These are things that you need to prepare for, when you're making the transition to ownership. Now this is something that you know, Preventive Maintenance Plan. It comes up when you're buying, taking over the property. You want to be diligent and you want to do everything right. You want to make sure you're showing your investors that you're managing the property correctly.
So you set up a preventive maintenance plan along with your property manager and the maintenance man. In that way, they know that in every single month or every quarter or every six months, they have to go and change filters or that type of stuff.
Kate Dobens will be our freeloader for today. She’ll talk about how we handle preventive maintenance plans. She said,
“Preventive maintenance is probably one of the best lessons I learned when I was with a client consulting client for years. John has about 400 and so units in Chicago and buys in the south side of Chicago. He buys in the worst kind of the toughest neighborhoods. These were older buildings, typically brick with wrought iron and beautiful foyers and things like that. And he would price it into his purchase, essentially, bringing all of the units, cleaning them all up the day he took them over so there was enough cash in the deal.
And there was an economic incentive plan that he understood very well for the city of Chicago that helped him invest in this. I suppose it would be the equivalent of like opportunities on housing now, but he would go in and fix the roof, fix the plumbing, fix the electric, make sure that all of the vital systems work so you'd have no big surprises. And I talked a lot about this years ago too when Doug and I work together. I was a commercial lender for a long time and did a lot of commercial real estate transactions. And the smart thing to do, is to either do the work and then set up a reserve account or through your lender, or even preferably one that you have custody of.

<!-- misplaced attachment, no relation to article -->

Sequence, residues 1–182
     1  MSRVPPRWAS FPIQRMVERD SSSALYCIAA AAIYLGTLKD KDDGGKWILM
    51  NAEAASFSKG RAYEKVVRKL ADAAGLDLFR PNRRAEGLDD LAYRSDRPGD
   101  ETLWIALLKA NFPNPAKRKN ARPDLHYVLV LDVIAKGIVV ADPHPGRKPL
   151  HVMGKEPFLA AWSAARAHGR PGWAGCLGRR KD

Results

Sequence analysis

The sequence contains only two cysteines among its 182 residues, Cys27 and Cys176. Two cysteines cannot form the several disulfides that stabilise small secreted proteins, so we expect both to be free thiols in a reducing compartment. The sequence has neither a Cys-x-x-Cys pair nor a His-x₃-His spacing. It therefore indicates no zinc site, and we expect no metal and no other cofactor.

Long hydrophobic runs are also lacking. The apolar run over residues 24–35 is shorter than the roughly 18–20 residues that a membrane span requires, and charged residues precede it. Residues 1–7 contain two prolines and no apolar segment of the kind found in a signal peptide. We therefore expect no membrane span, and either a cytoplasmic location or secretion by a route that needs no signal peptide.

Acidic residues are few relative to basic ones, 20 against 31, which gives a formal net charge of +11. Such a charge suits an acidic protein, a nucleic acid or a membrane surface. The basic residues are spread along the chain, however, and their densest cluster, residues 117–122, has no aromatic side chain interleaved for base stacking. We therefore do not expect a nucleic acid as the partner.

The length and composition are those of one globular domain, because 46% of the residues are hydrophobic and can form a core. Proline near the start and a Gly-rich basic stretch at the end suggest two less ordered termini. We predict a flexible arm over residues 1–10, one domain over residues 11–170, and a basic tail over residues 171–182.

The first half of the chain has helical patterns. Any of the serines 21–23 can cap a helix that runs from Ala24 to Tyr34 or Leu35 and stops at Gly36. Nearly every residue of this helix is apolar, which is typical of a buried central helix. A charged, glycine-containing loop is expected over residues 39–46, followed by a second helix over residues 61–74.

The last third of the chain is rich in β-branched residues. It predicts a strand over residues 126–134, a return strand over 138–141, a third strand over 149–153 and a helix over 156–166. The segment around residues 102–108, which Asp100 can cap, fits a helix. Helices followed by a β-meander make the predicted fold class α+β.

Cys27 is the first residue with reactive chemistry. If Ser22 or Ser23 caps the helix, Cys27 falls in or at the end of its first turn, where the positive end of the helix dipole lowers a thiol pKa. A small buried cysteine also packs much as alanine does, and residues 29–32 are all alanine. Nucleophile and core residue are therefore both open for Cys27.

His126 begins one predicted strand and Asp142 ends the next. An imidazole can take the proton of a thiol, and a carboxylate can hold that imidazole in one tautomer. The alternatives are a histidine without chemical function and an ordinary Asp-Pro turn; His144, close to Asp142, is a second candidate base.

In the event that you need a $50,000 roof repair in one of your buildings, you can just write a check for it. You don't have to wait and figure out and try to hope that the building's not going to get damaged in the meantime.
So understanding that preventive maintenance is part of the day to day business, and preparing for it is the most important thing. Because it's going to happen - things wear out. The older the buildings are, the faster they wear out and the bigger dollar items are needed to repair.”
So how do you do it?
“To be more specific, it is really making sure that you're doing your capital reserves and allocating cost to rehab unit. Like, how much cash should you have set aside so you don't impair your business?
That is the truth in multifamily management. Charlie and I have made every mistake we possibly could have and one of them is not setting aside enough cash. We would wait for cash which would then unable us to turn units as quickly and re-rent them. So, it eventually would have an overall effect on your NOI (Net Operating Income) because of dragging the turn process.”
And the worst thing is, when the property is struggling for cash, and you're calling on the property manager saying hey, why can't we get this unit rented? And just because we can't, we don't have the suppliers to do this, because we're not ready. That's a death now on a property.
She added, “Charlie has said this repeatedly, and this is from our experience. You have to buy the property right, have good engineering up front, good side inspection, be honest with yourself about the capital needs, and structure it right from the outset. I can't emphasize that enough. So it’s not only on the price, but including your capital needs for managing your maintenance.